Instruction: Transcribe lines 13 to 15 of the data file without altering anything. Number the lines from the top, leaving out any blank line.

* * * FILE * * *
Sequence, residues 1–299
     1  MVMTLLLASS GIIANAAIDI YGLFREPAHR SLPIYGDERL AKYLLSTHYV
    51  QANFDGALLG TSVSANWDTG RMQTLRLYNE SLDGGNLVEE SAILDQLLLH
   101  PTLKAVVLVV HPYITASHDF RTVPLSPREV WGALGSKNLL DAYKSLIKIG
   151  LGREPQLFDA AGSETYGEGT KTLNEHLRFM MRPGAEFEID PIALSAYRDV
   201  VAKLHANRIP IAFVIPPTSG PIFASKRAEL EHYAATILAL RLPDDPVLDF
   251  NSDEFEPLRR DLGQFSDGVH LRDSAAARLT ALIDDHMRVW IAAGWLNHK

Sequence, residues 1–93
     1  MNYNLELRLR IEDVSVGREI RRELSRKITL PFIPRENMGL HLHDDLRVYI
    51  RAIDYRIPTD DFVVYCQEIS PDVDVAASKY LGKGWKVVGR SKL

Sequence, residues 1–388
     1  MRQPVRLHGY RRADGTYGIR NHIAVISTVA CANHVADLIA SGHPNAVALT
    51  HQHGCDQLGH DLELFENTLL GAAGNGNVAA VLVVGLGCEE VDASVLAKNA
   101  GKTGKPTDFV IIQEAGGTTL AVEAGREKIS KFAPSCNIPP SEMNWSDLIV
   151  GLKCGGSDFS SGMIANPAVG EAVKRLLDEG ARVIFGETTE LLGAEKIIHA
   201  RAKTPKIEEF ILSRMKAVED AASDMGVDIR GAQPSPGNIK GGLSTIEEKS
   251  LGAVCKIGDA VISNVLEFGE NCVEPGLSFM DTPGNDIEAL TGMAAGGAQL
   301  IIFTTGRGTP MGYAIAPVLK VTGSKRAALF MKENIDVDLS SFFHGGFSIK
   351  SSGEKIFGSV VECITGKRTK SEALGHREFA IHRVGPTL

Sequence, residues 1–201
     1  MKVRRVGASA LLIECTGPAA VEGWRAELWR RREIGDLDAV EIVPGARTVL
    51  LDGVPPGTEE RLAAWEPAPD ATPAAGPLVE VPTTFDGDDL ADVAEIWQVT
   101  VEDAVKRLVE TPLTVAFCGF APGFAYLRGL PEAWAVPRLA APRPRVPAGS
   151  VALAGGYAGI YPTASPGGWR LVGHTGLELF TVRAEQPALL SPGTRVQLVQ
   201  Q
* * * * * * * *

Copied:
    51  HQHGCDQLGH DLELFENTLL GAAGNGNVAA VLVVGLGCEE VDASVLAKNA
   101  GKTGKPTDFV IIQEAGGTTL AVEAGREKIS KFAPSCNIPP SEMNWSDLIV
   151  GLKCGGSDFS SGMIANPAVG EAVKRLLDEG ARVIFGETTE LLGAEKIIHA